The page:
Like our television fare precious little of it can be shared with the family just after dinner time. The language alone is enough to have most parents racing for earplugs for their children and heaven knows that blindfolds would be needed for the lovemaking scenes that are aired on regular weekly television series. Ironically the show Burn Notice which is about spies and has lots of gun violence and explosions is far tamer than Suits when it comes to language or sexual scenes. I frankly would have imagined it would be 180 degrees the opposite. After all spies are far more likely to need to shout an explicative from time-to-time than a guy in a $5K suit but perhaps I am wrong about that.
Our cycling scene has changed from one in which you can invite the kids out on a weekend to ride and enjoy the out-of-doors to one where we need to be certain not to trot them past riders engaged in the Naked Ride. You would think that such a ride would be held at midnight, right? But no camera crews get to enjoy the kickoff of such rides in full daylight.
Our forums where we discuss all of those issues so near and dear to the hearts of cyclists have become the playground of the creeps who write on bathroom walls. Four letter words are as common as punctuation used to be and cyclists have taken to running down entire sections of the city while decrying the pushback from guys like me for not actually living in those sections of the city. Forums like ChainLink which touts a membership of 7K have devolved into the verbal equivalents of Critical Mass.
No longer are people chattering about which Vehicular Cycling techniques they find most useful in approaching the intersection of Halsted and Milwaukee but are instead finding new an every more inflammatory ways of dissing the police whom they now view as adversaries and drivers who are the “spawn of Satan” if you care to read behind their rather thinly veiled language. It leads me to despair over there ever being an adult approach to cycling advocacy here in Chicago.
Leading By Bad Example
What has led me to write this essay was what I saw yesterday while participating in the Four Star Bike Tour. You learn to expect that the participants will behave badly if there is no police presence. But what you don’t expect is that they main exemplar for that kind of behavior will end up being the Ride Marshal that is escorting your group along the route. There is no mistaking a ride marshal. He or she is given a commercial band walkie-talkie and carries a floor pump in a basket on the back of the bike. They are dressed in bright yellow mesh vests and have on t-shirts identifying who they are.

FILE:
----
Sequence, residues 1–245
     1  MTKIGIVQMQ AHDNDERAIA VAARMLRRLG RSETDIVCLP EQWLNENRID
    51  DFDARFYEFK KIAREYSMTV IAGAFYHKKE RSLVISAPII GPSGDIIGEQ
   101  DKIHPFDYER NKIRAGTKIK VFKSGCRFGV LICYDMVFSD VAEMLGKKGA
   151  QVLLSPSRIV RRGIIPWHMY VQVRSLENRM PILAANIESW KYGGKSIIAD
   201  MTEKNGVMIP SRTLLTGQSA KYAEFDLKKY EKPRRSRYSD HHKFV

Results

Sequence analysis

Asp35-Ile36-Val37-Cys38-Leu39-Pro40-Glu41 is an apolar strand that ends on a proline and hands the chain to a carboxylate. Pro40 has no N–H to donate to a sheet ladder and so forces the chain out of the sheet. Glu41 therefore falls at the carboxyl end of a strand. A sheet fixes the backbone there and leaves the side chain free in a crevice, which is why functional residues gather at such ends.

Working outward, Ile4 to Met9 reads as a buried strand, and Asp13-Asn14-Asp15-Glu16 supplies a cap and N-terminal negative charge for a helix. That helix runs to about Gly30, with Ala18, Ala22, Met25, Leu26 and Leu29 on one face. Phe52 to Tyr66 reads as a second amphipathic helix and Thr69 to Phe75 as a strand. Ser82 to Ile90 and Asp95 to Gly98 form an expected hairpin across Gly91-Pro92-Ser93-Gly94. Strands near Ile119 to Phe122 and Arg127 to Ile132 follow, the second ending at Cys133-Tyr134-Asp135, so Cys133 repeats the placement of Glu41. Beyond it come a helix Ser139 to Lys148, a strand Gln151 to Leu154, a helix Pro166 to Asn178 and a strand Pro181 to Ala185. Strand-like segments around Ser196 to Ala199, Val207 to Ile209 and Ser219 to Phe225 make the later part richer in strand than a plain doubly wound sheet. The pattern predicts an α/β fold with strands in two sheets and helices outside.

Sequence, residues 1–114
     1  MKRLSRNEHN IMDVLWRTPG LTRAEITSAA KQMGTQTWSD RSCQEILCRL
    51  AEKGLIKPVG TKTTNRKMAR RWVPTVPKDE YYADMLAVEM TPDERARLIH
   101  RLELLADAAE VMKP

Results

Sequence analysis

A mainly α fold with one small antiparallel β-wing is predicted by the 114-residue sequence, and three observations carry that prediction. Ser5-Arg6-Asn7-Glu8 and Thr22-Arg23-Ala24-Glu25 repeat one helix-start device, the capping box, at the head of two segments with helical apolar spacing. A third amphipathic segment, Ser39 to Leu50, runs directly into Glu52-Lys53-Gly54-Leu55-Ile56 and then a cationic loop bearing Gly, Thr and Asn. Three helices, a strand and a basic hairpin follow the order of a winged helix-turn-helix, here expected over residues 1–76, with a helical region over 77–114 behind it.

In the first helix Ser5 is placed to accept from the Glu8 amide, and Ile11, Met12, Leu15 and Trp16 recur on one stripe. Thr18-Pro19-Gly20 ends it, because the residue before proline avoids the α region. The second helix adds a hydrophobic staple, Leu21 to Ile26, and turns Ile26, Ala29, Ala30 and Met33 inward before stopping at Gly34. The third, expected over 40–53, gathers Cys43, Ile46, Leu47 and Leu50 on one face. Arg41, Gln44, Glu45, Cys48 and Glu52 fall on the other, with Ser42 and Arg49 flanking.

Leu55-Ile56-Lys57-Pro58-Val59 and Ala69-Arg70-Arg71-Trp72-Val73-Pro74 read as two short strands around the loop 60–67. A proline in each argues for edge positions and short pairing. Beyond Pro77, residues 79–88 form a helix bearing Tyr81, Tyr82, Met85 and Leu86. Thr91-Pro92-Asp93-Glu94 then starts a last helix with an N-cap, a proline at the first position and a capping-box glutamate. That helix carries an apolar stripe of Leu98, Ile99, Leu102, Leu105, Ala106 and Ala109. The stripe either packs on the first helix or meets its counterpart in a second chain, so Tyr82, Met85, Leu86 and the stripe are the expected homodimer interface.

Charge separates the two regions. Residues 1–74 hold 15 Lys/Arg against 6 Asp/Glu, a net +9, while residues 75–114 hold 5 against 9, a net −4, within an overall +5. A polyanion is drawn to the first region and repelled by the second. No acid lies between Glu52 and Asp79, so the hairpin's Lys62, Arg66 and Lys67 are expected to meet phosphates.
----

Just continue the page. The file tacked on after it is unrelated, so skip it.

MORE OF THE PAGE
Our Ride Marshal seemed intent upon displaying as outrageous behavior as he could muster. At several points along the way he deliberately rode into oncoming traffic even when there was no apparent reason to do so. That yellow line is there for a reason. And if you are a serving as a Ride Marshal you are in effect the person who is demonstrating what Vehicular Cycling is about in a real world laboratory of sorts.
A several points in the ride he entered the intersection on a red light and proceeded to make a nearly full circle of the intersection and then head into the cross traffic coming the from right ending up in their left hand turning lane before turning around and waiting for our light to turn green. Then he would peel off with us and continue riding with our group as if nothing had happened. The crossing traffic during all of these maneuvers was active and moving and there was no particular reason for his having to do what he did. He did not serve as a corker for our group so that maneuver seemed out of place.
When I watched this display of poor cycling behavior I wondered to myself what had transpired in the cycling world to have led to this sort of thing? I say this because the Executive Director of the hosting organization for the ride, Active Transportation Alliance has given a short speech at the outset in support of the emails and web information delivered to each participant encouraging us to follow the Rules of the Road, etc. So why the obvious open display of disregard to those admonishments?
There is a thread of thought in the Urban Cycling Community that used to be argued was a myth. But thanks to articles like those appearing in the NYTimes under the byline of Randy Cohen the notion of myth has been disproved. This is a stark reality. Urban Cyclists have become open scofflaws. They have all sorts of justifications for why they run red lights and stop signs and do not bother to use hand signals and should not be required to have licenses or ever be given a ticket for disobeying traffic rules they deem unworthy of their obedience. Steven Vance of the Grid Chicago site likes to explain that cyclists have various mores that define their culture and judging by what I saw on Sunday that means that “anything goes”.